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If it was me I would unscrew the touch hole and dig out any old powder and work in some new.Then fire it.
Local car garages have higher compressors.Could check there.
Remove touch hole,put in grease zert and pump away.Messy but works.

Are you sure you were using a ball remover or patch remover?

NEVER unscrew the breech plug!
 

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Discussion Starter #4
Man, I think it was a ball puller. Bought it in a kit with cleaning supplies. It had two small gage wires on the end that spiral circularly. Looked to me like it would go down and circle around the ball to pull it out. WRONG TOOL?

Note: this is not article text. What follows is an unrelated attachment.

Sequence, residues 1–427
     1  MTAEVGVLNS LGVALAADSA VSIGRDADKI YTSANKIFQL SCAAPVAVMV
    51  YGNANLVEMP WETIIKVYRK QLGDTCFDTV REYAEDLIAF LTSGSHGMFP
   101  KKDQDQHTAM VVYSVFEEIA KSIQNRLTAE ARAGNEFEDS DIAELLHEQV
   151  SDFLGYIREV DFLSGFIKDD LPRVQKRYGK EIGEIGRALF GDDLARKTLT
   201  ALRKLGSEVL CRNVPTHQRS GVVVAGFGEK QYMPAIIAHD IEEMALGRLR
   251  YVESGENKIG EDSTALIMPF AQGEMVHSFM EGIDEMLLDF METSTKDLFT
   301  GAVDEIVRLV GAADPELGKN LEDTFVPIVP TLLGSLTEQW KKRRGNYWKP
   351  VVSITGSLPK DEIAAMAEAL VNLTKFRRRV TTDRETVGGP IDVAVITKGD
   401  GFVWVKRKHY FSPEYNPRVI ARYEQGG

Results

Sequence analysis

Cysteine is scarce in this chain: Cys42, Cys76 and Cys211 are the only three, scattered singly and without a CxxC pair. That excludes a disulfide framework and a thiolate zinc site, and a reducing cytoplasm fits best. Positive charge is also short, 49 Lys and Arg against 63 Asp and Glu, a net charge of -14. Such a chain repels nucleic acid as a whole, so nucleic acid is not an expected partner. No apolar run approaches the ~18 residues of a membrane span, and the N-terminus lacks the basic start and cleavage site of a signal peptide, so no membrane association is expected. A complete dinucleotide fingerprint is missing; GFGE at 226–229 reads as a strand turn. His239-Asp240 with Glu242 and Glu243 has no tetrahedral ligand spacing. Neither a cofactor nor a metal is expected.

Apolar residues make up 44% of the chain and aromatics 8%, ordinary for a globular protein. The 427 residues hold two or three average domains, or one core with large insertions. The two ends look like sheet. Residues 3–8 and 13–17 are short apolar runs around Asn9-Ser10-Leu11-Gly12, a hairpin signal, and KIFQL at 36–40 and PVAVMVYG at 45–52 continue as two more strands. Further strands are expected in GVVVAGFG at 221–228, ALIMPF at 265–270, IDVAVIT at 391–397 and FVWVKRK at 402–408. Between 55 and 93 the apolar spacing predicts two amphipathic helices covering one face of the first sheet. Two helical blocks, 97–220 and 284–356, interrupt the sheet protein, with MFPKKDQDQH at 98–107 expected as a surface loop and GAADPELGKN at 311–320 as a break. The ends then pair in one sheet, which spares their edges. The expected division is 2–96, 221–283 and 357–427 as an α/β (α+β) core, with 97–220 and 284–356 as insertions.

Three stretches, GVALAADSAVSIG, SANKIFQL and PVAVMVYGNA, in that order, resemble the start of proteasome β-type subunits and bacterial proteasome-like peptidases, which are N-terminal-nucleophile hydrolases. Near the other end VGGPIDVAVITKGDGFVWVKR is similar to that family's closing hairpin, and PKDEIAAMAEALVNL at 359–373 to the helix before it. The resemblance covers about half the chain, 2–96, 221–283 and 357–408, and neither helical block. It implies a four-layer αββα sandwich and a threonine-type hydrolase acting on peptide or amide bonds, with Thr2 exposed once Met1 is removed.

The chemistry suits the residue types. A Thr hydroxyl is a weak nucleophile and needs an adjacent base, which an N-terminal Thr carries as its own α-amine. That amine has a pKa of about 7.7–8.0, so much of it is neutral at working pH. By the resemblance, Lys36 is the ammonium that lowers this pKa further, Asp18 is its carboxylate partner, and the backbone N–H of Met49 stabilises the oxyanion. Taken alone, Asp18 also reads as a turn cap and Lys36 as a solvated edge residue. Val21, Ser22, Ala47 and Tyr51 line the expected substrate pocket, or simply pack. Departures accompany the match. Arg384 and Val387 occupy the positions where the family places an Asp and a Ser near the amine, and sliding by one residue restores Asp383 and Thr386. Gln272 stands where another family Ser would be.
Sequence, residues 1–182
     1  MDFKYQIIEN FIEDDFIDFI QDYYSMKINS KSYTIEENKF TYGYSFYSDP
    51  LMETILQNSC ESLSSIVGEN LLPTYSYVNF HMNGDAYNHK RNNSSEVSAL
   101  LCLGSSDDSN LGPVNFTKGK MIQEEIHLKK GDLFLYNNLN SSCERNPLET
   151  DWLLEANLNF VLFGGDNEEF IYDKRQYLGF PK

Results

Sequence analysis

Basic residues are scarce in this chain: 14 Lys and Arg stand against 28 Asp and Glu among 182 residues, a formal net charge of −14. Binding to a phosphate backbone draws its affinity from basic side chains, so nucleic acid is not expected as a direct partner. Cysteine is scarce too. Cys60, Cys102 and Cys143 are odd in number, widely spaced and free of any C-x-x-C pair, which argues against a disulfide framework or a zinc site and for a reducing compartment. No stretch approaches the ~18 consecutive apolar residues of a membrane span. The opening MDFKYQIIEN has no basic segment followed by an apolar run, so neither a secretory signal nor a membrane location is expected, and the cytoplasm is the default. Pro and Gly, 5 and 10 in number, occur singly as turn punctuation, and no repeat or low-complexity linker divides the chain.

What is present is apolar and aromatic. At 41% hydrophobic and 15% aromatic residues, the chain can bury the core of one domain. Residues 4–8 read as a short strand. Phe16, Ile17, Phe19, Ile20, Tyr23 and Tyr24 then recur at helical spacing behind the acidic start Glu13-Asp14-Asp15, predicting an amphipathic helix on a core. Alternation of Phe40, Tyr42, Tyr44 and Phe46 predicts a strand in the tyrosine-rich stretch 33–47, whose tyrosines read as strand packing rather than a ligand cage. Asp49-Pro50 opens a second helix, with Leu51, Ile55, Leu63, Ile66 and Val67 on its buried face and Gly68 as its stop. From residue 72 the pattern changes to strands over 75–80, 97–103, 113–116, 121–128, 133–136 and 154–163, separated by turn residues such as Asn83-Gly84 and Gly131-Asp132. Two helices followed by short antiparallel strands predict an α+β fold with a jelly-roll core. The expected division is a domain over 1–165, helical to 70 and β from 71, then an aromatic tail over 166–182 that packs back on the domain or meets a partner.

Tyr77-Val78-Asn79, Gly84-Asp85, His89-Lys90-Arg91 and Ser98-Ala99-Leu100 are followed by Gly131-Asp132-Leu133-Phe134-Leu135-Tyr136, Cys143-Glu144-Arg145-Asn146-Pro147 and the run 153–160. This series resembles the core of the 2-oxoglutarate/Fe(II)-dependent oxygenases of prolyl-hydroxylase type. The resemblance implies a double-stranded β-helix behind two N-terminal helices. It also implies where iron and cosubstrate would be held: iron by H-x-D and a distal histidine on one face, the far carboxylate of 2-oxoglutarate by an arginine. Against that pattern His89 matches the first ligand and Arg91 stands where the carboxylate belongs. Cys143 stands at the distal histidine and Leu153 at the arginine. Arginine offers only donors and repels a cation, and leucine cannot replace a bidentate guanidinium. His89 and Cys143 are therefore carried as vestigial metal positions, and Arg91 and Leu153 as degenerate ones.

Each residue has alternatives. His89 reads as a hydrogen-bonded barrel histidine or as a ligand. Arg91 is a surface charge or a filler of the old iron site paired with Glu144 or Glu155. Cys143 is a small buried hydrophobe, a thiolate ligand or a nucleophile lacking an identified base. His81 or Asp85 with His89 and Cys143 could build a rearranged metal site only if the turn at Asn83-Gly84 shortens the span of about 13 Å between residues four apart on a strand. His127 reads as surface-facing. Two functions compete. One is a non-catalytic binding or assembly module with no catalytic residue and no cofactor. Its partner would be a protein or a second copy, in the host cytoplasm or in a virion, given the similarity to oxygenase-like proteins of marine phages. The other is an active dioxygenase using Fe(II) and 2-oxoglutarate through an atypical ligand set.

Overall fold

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Man, I think it was a ball puller. Bought it in a kit with cleaning supplies. It had two small gage wires on the end that spiral circularly. Looked to me like it would go down and circle around the ball to pull it out. WRONG TOOL?
yep. ball puller has a screw that screws into the lead ball to pull it out.
 

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Discussion Starter #7
yep. ball puller has a screw that screws into the lead ball to pull it out.
With a quick Google search I found out I was NOT using a ball puller. gonna have to look around and see if I have a rod stiff enough to try and tap the ball and back it out.